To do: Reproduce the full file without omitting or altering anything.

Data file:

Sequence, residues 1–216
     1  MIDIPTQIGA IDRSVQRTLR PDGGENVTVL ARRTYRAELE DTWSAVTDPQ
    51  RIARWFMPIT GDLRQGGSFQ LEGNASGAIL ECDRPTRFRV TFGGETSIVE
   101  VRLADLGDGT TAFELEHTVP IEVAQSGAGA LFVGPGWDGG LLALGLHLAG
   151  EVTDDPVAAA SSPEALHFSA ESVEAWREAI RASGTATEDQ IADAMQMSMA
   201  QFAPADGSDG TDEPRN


Sequence, residues 1–216
     1  MIDIPTQIGA IDRSVQRTLR PDGGENVTVL ARRTYRAELE DTWSAVTDPQ
    51  RIARWFMPIT GDLRQGGSFQ LEGNASGAIL ECDRPTRFRV TFGGETSIVE
   101  VRLADLGDGT TAFELEHTVP IEVAQSGAGA LFVGPGWDGG LLALGLHLAG
   151  EVTDDPVAAA SSPEALHFSA ESVEAWREAI RASGTATEDQ IADAMQMSMA
   201  QFAPADGSDG TDEPRN